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Over the centuries countless Scots have travelled to every conceivable corner of the globe – some to start a new life, others as entrepreneurs, explorers, missionaries, colonial administrators, soldiers and in a multitude of other contexts.
This book takes the reader on a journey from the wastes of Antarctica to the South African Highlands, from Canada’s prairies to Australia’s vineyards. It visits cities and deserted villages, scales mountain peaks and calls in at far-flung islands. All these places have one thing in common – the fact that they were named by, or after, Scots. The places named and the people they honoured provide a different way of looking at the influence of Scots overseas, whether railroad engineer, pioneer farmer, displaced crofter or multi-millionaire.
Abbotsford to Zion also highlights the curious and the accidental – the Gretna Greens and the Xenias. It tells how Scots-born innkeepers and postmen who happened to be in the right place at the right time gained immortality. It looks at why developers used Scotland’s image to sell real estate and how homesick emigrants recalled the land they had left.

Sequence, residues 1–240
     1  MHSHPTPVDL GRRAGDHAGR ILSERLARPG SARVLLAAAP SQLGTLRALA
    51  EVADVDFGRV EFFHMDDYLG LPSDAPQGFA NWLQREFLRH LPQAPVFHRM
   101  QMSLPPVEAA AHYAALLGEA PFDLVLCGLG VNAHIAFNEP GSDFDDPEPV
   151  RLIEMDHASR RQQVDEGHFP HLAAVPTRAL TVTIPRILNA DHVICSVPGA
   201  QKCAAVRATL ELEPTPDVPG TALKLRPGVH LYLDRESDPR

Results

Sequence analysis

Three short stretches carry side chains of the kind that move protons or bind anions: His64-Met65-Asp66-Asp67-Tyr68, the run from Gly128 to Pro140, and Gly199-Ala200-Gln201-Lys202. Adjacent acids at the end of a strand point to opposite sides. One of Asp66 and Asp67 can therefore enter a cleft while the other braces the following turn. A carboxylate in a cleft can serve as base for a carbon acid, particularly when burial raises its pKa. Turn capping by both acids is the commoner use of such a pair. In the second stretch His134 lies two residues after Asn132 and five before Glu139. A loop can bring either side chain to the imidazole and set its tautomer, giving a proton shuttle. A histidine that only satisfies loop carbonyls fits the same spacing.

From Abbotsford to Zion, each place has its unique story and identity.
After graduating from St Andrews University in history in 1970, Elspeth Willshas spent her career as a researcher, interpreter and writer within advertising, marketing, economic development and visitor attraction environments. She has written over a dozen books on subjects as varied as natural history, new town development and Scottish innovation.